In the contemporary self-help world, we are often admonished to “let go” of difficult states of mind that we do not like, those that emerge out of the darkness and dwell in the underworld, and are not deemed valid by a more solar/ transcendent spirituality. Anger is bad, confusion is a sign we’ve failed, fear is fantasized as some “opposite” of love, and so forth. As a result, these only get pushed further into the shadow where they will eventually come out, often in ways that further suffering for ourselves and others.
As with all teachings and medicines, there is wisdom in letting go, however as always the invitation is into subtlety and into depth, not into bite-sized fast-food spiritual clichés. In my clinical work I have seen how the project of "letting go" for many can be yet another manifestation of unconscious self-aggression and the abandonment of parts of ourselves that were not acceptable in our families of origin. In this sense, the demand that we let them go is often an enactment of the way our emotional world was related to at an earlier time: “Just get over it. Snap out of it. Stop crying. We’ve given you everything, stop being so sad. Don’t you dare get angry with me.” Another way that we end up attacking our own vulnerability, in ways that are remarkably similar to the way it was met when we were younger.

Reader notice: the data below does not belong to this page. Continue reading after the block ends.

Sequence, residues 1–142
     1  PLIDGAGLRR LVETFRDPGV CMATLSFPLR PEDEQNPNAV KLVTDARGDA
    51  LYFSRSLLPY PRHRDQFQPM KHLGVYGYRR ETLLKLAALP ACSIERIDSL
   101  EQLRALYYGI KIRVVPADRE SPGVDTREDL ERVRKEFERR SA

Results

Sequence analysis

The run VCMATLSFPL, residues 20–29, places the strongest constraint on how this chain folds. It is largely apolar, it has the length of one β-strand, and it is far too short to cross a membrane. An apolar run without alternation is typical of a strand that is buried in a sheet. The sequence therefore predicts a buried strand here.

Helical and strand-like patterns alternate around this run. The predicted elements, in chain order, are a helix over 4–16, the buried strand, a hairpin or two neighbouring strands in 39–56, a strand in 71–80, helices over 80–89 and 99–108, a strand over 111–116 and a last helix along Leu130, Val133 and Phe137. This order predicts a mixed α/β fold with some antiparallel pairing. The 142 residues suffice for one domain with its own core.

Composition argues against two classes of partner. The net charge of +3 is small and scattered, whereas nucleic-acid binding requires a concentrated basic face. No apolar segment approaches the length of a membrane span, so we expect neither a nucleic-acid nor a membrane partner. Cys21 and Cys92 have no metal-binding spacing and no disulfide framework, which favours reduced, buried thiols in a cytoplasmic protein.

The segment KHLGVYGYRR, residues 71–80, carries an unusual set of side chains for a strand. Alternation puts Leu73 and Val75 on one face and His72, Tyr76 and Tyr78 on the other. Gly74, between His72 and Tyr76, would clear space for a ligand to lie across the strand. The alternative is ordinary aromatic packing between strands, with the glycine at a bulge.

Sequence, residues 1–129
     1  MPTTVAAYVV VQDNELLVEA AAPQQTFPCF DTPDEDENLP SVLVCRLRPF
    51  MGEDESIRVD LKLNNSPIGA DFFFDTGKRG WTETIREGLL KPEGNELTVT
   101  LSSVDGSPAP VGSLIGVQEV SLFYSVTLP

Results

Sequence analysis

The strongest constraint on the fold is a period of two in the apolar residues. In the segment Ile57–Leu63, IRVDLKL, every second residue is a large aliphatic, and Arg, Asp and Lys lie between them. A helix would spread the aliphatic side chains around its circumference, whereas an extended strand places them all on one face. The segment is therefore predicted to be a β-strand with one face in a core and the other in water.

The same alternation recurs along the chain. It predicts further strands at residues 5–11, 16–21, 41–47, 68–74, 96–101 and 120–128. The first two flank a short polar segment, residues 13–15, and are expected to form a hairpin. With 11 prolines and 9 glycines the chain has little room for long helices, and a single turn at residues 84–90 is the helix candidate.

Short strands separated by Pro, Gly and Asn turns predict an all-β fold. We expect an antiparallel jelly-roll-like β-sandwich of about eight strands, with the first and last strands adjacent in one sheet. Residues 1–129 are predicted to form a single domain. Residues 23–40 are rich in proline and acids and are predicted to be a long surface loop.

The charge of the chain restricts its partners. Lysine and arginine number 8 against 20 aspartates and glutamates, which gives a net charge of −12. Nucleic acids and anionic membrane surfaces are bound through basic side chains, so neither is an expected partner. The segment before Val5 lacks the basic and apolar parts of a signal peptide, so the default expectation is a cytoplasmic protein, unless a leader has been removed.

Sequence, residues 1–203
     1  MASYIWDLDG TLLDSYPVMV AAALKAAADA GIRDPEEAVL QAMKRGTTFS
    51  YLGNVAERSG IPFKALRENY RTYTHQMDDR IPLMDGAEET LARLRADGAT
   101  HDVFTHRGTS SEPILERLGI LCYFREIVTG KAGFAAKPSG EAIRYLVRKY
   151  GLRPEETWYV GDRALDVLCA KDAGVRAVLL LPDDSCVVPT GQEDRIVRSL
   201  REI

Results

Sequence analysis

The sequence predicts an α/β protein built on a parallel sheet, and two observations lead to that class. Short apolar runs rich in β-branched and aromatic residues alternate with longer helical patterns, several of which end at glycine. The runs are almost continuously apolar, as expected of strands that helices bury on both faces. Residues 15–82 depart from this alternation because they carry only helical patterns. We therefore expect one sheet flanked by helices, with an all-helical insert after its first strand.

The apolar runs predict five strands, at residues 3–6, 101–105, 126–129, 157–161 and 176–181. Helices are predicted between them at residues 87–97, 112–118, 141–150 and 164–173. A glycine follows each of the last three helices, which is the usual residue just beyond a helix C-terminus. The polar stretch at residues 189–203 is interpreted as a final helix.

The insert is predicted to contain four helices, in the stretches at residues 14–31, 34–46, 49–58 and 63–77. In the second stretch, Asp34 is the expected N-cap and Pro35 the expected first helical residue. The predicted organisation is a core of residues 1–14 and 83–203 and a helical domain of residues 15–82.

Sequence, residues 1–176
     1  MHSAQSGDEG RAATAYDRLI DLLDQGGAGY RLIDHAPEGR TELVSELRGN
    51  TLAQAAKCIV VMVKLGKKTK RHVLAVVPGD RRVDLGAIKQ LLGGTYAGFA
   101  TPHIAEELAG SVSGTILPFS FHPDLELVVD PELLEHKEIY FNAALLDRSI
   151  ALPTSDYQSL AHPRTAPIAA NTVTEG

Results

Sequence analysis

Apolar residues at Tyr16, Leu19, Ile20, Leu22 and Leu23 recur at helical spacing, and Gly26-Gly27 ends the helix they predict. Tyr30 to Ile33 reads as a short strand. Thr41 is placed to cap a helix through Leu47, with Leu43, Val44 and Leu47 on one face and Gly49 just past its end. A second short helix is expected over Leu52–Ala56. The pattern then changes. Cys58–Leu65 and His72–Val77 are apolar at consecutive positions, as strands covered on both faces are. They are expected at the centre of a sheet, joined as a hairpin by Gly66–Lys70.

From this perspective, anger does not need to be "let go of," nor do jealousy, shame, sadness, despair, fear, or a sense of unworthiness. The invitation is to step off the battlefield and into curiosity, relationship, kindness, and meaning. We are never going to find the intimacy, connection, and freedom we are longing for as long as we are subtly at war with parts of ourselves, deeming them invalid and splitting off from the thoughts, feelings, and impulses that the world has said are not okay, including the spiritual world which is oriented in its own conditioning. But only by providing a home and a sanctuary where the entire inner ecology of what we are can be held, contained, and its rightful place can be found.
These parts of ourselves need not be “let go” but will “let go” of us when their function is no longer needed, when we no longer require the protection they have provided, and when we have fully turned toward them, listened to their meaning and called off the war. When we have allowed them to share their essence. When we have allowed their wisdom nature to come through the symptom and for its messages to be decoded. When the figures of the inner landscape have been met, tended to with soul, and touched with presence.
In the Dzogchen tradition, it is said that the nature of all experience is to "self-liberate" in open, compassionate awareness. It does not require our efforts to transform it, including “letting it go” in order to experience the freedom and aliveness that is the birthright of all beings. We do not need to get rid, of shift, or even heal these difficult states, or convert them into their opposites. But to hold these parts and provide them with space, as we begin to discover that they are not enemies to do battle with, but as allies come to remind us of how vast we truly are.
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